Upon hearing about the Cartoon Network’s development of the new animated series BEWARE THE BATMAN, a few people (myself included) were wondering the same thing: do we really need another version of Batman so soon? It feels as though it was just yesterday that programs such as YOUNG JUSTICE, THE BRAVE AND THE BOLD, JUSTICE LEAGUE, BATMAN BEYOND and BATMAN: THE ANIMATED SERIES graced our television screens with their differing takes on the Caped Crusader. And we said “farewell” to Christopher Nolan’s quasi-realistic Dark Knight just last summer. When dealing with such an iconic character that has a 70+ year history of stories that range from dark tales of vengeance to light-hearted adventures to team-ups with other DC superhero powerhouses, the challenge in producing a new Batman product lies in making the new vision wholly unique unto itself while also being able pay a degree of respect for what has come before without having a case of “been there, done that” looming over the production. With that in mind the show will, without a doubt, have its fair share of nay-sayers (most likely people so devoted to a previous incarnation that comparisons in quality won’t help but be drawn-up). But as a fresh look at an all too familiar hero, BEWARE THE BATMAN is off to a promising start.
The premiere episode, “Hunted,” sets up some of the series’ status quo without giving away too many of its secrets. Billionaire Bruce Wayne/Batman has been doing his crime-fighting thing for a while in Gotham City when a pair of eco-terrorists named Professor Pyg and Mr. Toad blow into town, kidnapping various business moguls (including DC superhero Mr. Terrific in his civilian identity of Michael Holt) for their own nefarious purposes. It’s up to Bruce and his faithful butler Alfred to solve the mystery behind these kidnappings and bring the culprits to justice. Meanwhile, Alfred seeks out young Tatsu Yamashiro to be his replacement as Wayne’s driver and bodyguard, setting her in place to don the identity of superheroine Katana.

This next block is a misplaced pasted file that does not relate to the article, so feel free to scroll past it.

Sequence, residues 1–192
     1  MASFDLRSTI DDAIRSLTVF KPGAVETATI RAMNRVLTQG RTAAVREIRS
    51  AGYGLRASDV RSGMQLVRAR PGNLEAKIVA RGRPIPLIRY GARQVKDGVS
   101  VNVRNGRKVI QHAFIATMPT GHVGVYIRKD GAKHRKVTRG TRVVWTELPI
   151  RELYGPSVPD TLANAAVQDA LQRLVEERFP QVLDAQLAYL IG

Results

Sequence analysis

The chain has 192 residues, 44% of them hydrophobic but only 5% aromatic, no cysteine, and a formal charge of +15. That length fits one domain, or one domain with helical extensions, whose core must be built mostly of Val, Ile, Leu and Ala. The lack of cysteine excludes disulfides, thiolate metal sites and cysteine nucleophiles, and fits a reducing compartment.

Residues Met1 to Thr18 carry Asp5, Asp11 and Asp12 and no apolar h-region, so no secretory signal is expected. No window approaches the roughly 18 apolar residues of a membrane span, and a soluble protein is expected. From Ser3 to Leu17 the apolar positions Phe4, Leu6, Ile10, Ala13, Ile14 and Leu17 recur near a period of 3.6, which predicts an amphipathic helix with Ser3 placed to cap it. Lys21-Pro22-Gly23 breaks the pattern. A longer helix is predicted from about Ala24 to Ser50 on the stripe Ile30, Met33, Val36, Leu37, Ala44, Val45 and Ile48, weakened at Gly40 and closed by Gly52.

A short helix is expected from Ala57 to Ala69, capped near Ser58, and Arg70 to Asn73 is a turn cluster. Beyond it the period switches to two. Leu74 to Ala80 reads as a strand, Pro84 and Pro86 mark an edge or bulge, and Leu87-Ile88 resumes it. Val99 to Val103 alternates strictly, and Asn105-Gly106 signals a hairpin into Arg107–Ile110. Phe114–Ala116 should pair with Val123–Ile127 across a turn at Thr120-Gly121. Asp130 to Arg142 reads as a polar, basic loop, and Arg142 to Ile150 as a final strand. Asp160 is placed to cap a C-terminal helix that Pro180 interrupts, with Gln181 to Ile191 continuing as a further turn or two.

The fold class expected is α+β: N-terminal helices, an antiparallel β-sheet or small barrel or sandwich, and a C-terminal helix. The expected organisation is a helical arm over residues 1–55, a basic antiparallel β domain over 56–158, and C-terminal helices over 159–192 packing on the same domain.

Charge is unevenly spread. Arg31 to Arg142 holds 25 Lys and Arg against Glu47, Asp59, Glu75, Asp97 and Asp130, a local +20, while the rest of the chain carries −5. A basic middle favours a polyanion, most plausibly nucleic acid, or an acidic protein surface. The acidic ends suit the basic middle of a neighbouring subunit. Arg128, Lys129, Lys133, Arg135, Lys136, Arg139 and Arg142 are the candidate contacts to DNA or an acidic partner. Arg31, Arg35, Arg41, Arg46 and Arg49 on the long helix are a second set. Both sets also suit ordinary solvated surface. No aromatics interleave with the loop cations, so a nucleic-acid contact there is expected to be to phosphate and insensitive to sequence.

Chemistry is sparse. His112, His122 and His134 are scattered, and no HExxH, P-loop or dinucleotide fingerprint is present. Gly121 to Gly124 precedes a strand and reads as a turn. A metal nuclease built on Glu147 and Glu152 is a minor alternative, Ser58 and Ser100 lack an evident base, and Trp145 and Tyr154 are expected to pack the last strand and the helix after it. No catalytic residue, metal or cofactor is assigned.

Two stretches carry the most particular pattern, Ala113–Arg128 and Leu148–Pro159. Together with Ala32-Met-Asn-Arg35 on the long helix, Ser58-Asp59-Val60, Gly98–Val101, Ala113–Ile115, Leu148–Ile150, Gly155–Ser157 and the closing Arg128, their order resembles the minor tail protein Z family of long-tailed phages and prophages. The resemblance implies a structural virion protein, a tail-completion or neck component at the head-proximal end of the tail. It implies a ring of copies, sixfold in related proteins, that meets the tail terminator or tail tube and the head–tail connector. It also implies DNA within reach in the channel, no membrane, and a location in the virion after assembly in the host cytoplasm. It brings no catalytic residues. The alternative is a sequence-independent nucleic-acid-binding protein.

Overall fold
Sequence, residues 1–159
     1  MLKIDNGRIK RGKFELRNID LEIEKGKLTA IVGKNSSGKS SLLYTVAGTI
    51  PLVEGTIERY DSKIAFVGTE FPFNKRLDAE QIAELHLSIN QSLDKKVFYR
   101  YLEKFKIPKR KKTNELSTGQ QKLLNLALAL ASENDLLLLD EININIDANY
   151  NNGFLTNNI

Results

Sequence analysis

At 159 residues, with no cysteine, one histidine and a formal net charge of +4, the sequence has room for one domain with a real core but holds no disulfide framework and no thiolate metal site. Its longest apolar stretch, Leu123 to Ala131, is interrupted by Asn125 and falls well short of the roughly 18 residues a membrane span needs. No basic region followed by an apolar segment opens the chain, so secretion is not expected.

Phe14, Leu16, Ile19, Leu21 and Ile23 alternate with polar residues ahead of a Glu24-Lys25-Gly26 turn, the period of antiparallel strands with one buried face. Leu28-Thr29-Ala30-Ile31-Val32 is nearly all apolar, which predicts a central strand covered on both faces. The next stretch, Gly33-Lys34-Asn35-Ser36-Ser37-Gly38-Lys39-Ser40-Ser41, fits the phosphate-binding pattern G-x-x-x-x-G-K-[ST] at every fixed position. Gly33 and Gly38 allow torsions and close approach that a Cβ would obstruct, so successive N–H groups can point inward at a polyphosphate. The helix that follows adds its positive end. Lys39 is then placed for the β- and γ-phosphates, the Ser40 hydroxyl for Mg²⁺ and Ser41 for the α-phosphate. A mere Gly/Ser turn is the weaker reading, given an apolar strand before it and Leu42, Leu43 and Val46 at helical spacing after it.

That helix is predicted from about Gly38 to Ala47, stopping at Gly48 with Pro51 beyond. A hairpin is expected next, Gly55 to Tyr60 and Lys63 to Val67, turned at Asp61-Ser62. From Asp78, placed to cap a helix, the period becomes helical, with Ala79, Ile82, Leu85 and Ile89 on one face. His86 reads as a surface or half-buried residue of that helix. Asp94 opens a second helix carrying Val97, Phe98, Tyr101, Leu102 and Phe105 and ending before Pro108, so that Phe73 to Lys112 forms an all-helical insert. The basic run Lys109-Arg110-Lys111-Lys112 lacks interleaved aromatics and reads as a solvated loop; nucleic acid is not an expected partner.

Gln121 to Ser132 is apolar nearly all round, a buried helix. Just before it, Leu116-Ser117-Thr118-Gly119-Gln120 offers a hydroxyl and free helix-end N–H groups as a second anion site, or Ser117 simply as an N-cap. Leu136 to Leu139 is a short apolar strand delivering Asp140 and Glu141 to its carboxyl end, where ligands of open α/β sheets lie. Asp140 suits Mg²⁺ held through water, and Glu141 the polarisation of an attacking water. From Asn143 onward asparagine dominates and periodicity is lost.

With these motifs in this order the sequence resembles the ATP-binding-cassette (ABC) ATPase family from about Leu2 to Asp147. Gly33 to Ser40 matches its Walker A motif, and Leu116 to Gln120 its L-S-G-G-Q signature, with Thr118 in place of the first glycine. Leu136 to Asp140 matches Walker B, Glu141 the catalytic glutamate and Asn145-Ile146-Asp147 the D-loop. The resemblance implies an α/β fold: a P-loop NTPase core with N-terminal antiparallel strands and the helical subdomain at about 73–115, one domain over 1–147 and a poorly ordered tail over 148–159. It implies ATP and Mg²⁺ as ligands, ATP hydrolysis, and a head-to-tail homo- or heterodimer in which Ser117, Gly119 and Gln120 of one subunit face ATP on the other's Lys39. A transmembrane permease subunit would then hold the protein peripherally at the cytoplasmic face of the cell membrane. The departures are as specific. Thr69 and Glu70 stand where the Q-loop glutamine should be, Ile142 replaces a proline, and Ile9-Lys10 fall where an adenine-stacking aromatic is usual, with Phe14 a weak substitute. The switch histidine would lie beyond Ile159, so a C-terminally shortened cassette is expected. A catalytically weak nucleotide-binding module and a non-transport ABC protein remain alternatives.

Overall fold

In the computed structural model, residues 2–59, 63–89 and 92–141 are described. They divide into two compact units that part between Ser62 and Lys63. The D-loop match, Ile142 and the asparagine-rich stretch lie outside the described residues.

There are a lot of interesting ideas at work for this series to build on. I like that the showrunners are planning to avoid using the regular stable of Bat-villains and instead are opting to initially focus on lesser-known opponents and develop them a little more as characters. Professor Pyg and Mr. Toad, though not as sadistic or as disturbing as they were in Grant Morrison’s run on the BATMAN & ROBIN comic, appear to be interesting and intimidating enough to garner focus as the antagonists for this new Batman. They’re whimsically demented and cruel, forcing their captives to participate as the prey in a hunt straight out of THE MOST DANGEROUS GAME. Though the show may eventually get around to new versions of the Joker or Two-Face, it’ll be interesting to see a new set of bad guys get some attention (including one of my favorites, Anarky, who is apparently the main bad guy of the series).